Senate Bill Resurfaces — Passage Would Allow Taller and Denser Buildings in Downtown Brooklyn

Downtown Brooklyn. Photo by Susan De Vries

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The Historic Districts Council sent out an email Thursday about the resurfacing of a proposed law — now Senate Bill S6760 — that, if passed, would eliminate a cap on the residential floor area ratio (FAR), which has been set at 12 since 1961.

Should the bill be passed, development in some of New York’s highest density areas, including Downtown Brooklyn, would be significantly less restricted, and residential construction would be allowed to be larger. The bill could mean upzoning many areas of New York City, according to critics of the proposal.

Tallest Building Brooklyn 9 DeKalb

The super tall tower planned for 9 Dekalb Avenue in Downtown Brooklyn. Rendering by SHoP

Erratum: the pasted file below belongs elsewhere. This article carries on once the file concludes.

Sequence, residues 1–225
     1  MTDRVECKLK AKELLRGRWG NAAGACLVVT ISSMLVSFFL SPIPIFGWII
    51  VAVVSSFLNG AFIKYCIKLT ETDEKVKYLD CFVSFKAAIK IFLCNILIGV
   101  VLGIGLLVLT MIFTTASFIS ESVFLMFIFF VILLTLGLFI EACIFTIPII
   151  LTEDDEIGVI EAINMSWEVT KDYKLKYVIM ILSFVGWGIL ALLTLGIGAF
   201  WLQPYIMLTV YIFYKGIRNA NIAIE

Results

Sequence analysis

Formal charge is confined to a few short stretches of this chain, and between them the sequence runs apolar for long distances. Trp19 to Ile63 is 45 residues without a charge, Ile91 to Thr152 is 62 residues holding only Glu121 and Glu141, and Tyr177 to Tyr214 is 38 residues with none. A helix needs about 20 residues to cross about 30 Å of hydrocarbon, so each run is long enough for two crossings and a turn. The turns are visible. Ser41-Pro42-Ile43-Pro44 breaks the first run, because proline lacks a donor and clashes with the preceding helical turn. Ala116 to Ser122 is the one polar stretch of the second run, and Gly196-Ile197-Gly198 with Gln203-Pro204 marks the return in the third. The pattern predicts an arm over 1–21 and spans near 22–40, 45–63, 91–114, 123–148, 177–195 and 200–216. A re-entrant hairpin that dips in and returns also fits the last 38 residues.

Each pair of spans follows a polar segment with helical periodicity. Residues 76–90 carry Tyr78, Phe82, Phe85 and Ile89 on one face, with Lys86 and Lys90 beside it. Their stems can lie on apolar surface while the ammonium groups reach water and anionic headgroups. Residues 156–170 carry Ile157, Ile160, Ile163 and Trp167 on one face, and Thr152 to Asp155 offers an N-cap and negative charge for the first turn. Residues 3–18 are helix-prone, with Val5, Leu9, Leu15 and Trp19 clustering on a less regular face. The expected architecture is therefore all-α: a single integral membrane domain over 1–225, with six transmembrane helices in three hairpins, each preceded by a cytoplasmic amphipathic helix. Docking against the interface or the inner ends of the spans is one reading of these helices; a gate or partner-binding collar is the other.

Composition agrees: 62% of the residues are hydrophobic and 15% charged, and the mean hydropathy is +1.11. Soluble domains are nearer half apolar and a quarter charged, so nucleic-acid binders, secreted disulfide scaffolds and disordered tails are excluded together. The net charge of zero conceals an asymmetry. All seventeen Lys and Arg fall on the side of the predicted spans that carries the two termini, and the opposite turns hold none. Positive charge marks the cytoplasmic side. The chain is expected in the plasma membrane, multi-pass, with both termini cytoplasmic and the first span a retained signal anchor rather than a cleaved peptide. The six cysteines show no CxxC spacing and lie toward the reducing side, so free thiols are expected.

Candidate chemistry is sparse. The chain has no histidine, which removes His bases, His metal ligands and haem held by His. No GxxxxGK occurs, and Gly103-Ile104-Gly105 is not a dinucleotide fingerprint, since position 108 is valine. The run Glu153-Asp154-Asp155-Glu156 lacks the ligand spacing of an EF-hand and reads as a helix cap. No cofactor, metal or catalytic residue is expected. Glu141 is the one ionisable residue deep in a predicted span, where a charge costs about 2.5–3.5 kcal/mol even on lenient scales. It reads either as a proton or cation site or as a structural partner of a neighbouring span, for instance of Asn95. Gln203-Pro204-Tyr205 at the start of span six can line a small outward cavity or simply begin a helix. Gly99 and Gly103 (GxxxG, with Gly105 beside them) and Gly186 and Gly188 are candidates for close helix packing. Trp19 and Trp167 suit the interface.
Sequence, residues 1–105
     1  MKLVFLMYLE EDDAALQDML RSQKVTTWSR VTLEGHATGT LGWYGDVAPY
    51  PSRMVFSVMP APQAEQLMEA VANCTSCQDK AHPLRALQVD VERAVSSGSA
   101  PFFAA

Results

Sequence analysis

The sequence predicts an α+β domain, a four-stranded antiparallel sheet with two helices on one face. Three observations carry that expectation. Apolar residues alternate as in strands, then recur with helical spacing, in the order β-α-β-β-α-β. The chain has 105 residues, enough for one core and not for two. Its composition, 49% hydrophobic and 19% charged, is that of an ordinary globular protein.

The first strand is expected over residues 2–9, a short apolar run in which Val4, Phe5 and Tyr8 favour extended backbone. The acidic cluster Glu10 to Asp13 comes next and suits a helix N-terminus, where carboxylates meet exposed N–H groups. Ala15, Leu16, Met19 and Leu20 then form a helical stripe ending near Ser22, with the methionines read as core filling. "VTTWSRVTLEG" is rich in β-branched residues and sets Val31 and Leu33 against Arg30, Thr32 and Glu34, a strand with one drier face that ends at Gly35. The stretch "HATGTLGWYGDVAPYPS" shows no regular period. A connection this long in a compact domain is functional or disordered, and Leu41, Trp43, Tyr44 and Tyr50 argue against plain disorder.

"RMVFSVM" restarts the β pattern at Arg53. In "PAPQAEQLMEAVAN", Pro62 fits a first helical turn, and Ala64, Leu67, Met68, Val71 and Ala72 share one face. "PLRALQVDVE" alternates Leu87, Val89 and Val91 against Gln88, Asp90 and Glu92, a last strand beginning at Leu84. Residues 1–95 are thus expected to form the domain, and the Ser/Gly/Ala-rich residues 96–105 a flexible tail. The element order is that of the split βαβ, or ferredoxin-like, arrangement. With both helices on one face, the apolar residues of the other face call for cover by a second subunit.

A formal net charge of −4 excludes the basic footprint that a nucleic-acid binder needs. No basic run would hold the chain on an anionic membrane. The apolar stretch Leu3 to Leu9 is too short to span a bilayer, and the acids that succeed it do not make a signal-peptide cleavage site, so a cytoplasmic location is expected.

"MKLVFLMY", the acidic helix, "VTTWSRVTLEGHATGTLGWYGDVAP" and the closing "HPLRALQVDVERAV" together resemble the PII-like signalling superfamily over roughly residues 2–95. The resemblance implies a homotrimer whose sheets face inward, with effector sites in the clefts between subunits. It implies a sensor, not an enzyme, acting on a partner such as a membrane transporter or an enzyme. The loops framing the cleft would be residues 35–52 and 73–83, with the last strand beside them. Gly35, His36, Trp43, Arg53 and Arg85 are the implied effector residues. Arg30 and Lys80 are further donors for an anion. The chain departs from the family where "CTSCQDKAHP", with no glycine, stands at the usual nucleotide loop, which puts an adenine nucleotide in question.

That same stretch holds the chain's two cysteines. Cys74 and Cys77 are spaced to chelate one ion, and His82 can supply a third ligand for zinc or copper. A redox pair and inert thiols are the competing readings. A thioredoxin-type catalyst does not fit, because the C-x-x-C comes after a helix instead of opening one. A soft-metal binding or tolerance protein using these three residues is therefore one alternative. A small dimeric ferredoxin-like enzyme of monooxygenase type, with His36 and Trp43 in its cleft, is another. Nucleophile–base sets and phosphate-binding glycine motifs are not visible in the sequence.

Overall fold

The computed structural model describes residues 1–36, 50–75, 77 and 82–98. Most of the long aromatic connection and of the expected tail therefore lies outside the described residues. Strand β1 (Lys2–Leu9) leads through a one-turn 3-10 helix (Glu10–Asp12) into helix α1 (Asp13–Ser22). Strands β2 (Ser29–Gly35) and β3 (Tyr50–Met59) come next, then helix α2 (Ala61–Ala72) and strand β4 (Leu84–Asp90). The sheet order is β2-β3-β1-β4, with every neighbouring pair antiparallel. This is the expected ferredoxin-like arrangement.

“The City of New York is experiencing a severe shortage of housing at
all income levels,” the sponsor memo says, adding that the city “should have broad flexibility to determine the maximum FAR.” The bill was introduced by the senate’s committee on rules.

Others feel the bill is another example of catering to real estate developers.

“Mayor de Blasio cannot build NYC out of a housing crisis, and the numbers show that what is being built is unattainable for most New Yorkers,” the HDC writes in their email. “This bill will only exacerbate this very real problem.”

REBNY supported the prior legislation and argued it would help increase affordable housing and encourage mixed-income neighborhoods and housing.

A similar proposal in 2015 and 2016 failed to pass. The bill is currently on the floor calendar and was ordered to a third reading on May 8.

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